Traffic was heavy out of Nanjing, but then subsided surprisingly quickly. Found myself on freeway with not a car in sight. Then I realized the road wasn't open to traffic yet. So weird, the road had all the street signs, and sidewalks, and trees, and separately graded roundabout intersections, even a BRT system all set up  - but no one around. Then a few miles down, I started to pass row upon row of empty skyscrapers lining the empty highway. Its like the government was just waiting to flip a switch and open everything up... It was great, essentially a 50 foot wide bike only road! Then the road suddenly ended and turned to dirt. Just when I worried about all the crowding in this part of China... Haha didn't take long to find some more people though. Tonight into Changzhou, regional population of 5 million, and a city most people have never heard of.

Day 249

Today: start in Changzhou (5 million people), quick lunch in Wuxi (6 million people), and then stop for the night in Suzhou (11 million people). I'm sensing a trend as I get closer to Shanghai... The ride was exhausting! Large parts of the were spent riding on 6-lane highways, built underneath another 6-lane freeway... Lots of people, lots of skyscrapers, but surprising also still some areas which could have been marked as semi-rural (as long as you took a picture at just the right angle...).

Spent tonight in Suzhou, the so-called "Venice of China." As you can probably guess, the city has a lot of canals... They were cool, but I had to cut my sightseeing short when I realized I had a really big urgent problem I needed to deal with...

You see, I have a one year visa for China. One year, that's a long time, more than enough time to complete my entire Eurasia trip, let alone the Chinese portion. The problem is, you're only allowed to stay in China consecutively for three months on any given stay, then you need to leave the country and reenter in order to get another three months. I knew this. Problem is, I had erroneously dismembered the day I had entered the country. If I don't leave the country in the next few days, I will overstay my visa, and that would be bad. I've been told its at-least a 100 dollar penalty per day you're not supposed to be here, as well as the possibility of being banished from China for up to 10 years. Overstaying my visa is NOT an option. I need to leave the country on a visa run ASAP, a fact I was oblivious to until tonight.  I don't know how I was stupid enough to do this.

Spent hours tonight trying to figure out the best option. Hmm, whats the cheapest and fastest way to get out of the country? I could take a bus to Hong Kong, a train to Russia, a boat to Taiwan, a flight to Seoul, Tokyo, Bangkok, Kuala Lumpur, Singapore, Jakarta, Guam, fucking Delhi... Then of course there were all the combo options, like the train to Beijing, then the flight out from there... I was drowned in options. After careful thought, I decided the flight to Manila was the best bet. Only problem is, it leaves tomorrow night from Shanghai. No room for error now, I NEED to get to Shanghai tomorrow.

The highway on top of a highway, very popular around here.

Still following my faithful G312

A canal in Suzhou, the "Venice of China"

Day 250

The day I enter Shanghai. I didn't get a lot of sleep last night. Two reasons for that. First, I was incredibly nervous that something might delay me today and cause me to miss my flight out to Manila. A broken spoke, cracked freewheel, or even just a flat tire might make it impossible to reach Shanghai in time to find a place to leave my gear and get to the airport for tonight's flight. If I missed that flight I was in some seriously deep trouble with Chinese immigration. Second, I was VERY excited. Just absolutely ridiculously ecstatic. After 9 plus months of biking, I was finally getting into Shanghai, the last city! Can't remember the last time I was this excited. I had been dreaming of the day I rolled into Shanghai, now I was here! Today would be the day I would get to Shanghai, today would be the day I NEEDED to get to Shanghai.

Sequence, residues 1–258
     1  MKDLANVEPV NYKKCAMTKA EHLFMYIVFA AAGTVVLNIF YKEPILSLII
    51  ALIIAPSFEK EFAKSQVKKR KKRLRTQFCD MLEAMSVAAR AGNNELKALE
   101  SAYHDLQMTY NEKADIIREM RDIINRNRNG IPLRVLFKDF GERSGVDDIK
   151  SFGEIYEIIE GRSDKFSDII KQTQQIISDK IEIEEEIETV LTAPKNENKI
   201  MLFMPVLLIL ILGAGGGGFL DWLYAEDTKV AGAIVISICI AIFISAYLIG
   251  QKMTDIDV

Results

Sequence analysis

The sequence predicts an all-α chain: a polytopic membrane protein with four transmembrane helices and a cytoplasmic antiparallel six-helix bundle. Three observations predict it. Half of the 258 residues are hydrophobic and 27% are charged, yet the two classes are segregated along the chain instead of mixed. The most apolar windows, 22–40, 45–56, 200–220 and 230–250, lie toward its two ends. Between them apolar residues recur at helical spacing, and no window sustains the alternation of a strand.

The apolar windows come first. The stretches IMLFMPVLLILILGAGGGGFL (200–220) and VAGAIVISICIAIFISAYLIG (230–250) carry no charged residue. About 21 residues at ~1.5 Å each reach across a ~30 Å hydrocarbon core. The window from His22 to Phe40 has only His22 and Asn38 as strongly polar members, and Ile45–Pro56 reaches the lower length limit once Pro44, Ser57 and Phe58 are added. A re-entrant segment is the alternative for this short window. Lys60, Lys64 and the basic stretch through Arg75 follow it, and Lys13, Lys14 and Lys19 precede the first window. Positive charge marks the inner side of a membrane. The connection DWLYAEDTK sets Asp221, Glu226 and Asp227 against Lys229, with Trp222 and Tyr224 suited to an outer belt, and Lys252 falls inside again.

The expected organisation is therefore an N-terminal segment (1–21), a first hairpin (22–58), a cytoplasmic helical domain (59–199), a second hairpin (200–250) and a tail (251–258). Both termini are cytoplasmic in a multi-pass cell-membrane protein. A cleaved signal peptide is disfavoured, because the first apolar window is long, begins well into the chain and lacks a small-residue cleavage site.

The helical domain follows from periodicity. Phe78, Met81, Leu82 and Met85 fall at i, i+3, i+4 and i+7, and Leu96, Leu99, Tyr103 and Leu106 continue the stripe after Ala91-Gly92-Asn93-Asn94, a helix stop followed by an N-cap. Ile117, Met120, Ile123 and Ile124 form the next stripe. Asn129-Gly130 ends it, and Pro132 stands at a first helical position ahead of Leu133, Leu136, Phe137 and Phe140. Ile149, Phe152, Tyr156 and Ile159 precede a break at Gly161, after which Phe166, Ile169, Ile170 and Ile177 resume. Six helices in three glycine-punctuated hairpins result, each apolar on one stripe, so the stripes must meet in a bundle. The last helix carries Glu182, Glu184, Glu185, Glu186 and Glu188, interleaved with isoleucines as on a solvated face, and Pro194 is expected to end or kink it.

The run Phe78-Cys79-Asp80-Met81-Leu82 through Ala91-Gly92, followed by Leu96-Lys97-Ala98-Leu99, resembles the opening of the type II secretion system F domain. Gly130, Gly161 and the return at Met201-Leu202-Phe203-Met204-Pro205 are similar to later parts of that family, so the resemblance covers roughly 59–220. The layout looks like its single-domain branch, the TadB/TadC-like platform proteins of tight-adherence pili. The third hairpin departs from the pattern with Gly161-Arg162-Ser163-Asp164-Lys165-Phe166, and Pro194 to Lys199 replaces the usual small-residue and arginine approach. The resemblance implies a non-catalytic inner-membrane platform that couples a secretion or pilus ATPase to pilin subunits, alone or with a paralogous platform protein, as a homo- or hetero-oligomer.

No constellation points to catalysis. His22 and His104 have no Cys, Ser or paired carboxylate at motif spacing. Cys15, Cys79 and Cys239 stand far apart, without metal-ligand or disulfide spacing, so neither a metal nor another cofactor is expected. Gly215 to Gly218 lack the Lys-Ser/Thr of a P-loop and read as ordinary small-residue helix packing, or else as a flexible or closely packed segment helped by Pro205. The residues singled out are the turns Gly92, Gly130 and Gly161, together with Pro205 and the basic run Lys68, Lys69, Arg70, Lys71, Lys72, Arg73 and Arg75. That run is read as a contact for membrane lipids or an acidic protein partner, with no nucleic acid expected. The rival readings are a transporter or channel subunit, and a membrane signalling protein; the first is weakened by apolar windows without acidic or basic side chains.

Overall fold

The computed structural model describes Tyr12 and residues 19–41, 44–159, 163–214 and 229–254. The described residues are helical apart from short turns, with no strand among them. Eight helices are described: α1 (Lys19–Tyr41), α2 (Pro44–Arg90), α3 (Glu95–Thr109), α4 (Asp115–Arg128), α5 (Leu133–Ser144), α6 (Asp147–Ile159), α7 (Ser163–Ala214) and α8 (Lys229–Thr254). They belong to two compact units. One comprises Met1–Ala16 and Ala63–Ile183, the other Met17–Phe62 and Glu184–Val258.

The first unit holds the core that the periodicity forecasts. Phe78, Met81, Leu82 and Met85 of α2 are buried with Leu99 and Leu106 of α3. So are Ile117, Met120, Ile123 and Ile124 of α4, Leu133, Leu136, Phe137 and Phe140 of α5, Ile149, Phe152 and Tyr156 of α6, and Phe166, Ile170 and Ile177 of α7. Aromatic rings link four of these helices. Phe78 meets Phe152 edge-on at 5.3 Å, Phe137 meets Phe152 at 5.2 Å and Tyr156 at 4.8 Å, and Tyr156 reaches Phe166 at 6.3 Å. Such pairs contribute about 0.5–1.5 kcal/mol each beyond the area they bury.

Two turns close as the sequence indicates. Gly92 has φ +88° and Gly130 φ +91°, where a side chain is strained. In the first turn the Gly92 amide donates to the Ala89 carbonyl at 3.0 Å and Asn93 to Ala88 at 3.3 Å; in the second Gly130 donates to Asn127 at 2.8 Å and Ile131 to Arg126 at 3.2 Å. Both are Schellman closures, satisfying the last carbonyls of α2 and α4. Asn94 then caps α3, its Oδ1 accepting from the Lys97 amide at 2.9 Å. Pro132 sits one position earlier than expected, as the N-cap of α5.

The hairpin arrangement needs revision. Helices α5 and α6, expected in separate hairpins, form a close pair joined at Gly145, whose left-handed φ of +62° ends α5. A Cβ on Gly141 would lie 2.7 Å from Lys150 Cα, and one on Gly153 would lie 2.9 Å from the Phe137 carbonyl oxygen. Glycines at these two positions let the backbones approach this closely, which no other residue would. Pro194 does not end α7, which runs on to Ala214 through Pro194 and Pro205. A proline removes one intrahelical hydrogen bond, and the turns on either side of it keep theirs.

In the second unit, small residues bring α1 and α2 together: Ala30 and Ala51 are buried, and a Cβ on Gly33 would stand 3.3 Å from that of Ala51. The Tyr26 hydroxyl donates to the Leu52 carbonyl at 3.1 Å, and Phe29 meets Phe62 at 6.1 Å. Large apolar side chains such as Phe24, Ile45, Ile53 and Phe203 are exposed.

People on top of people and highways on top of highways for almost all of today, as I aimed right towards the center of the biggest city in China. Lots of new roads too. As with the outskirts of Nanjing, I found myself biking on a lot of brand new highways which still weren't open to cars. In many spots I was biking on roads still under construction, and I would have to swerve around steam rollers and bulldozers to get through. Occasionally the road would just end. Figuring out what to do when that happened was always fun...

As I got closer, I got more anxious. I just wanted to get there already! The the typical signs of a entering a metropoltian area - a huge mall, then the first subway stop, then the first ring road. The streets started getting busier and busier, filled to the brim with buses, vespas, electric bikes, rickshaws. I was getting close.

After hours of fighting through traffic I finally saw out in the distance what I had been waiting for -The innermost ring road - the official entrance into the central business district of Shanghai. I WAS HERE!!!!!!!

Now hold on. I'm not done yet. If anyone actually clicked on that "rules" tab on the top of the page ^, you'd know I have a very specific rule for where to start and end the trip. I'm biking across Eurasia.  Asia doesn't end in the middle of Shanghai, it ends at the Pacific. Ocean to ocean. Those are the rules. Today is not my last day of biking. Still one more short trip left to make this official, and that's a trip I'm not making for another couple of days, when my friend Charley gets here to bike over with me.

After I got into the town, the excitement of being soon gave way to getting down to business. I needed to find a place to put my bike and my gear, then get over to the airport. Luckily, I was able to stash my stuff at the hotel I'm planning to stay at here, and I even had a little free time to explore downtown and find a place to take a quick shower. Hopped on the subway over to the airport, and it became obvious I had plenty of time to catch my flight. Anxiety vanished and I was just left on cloud nine as I walked through the airport on my way out to Manila. Life is good. Really couldn't be any better in fact!!!

Suzhou's CBD

Brand new roads

I finally found FoxConn!

Was riding with a new-found friend for a couple miles

This is what the 6-lane highway turned into

The beginning of the subway line

Couldn't have said it better myself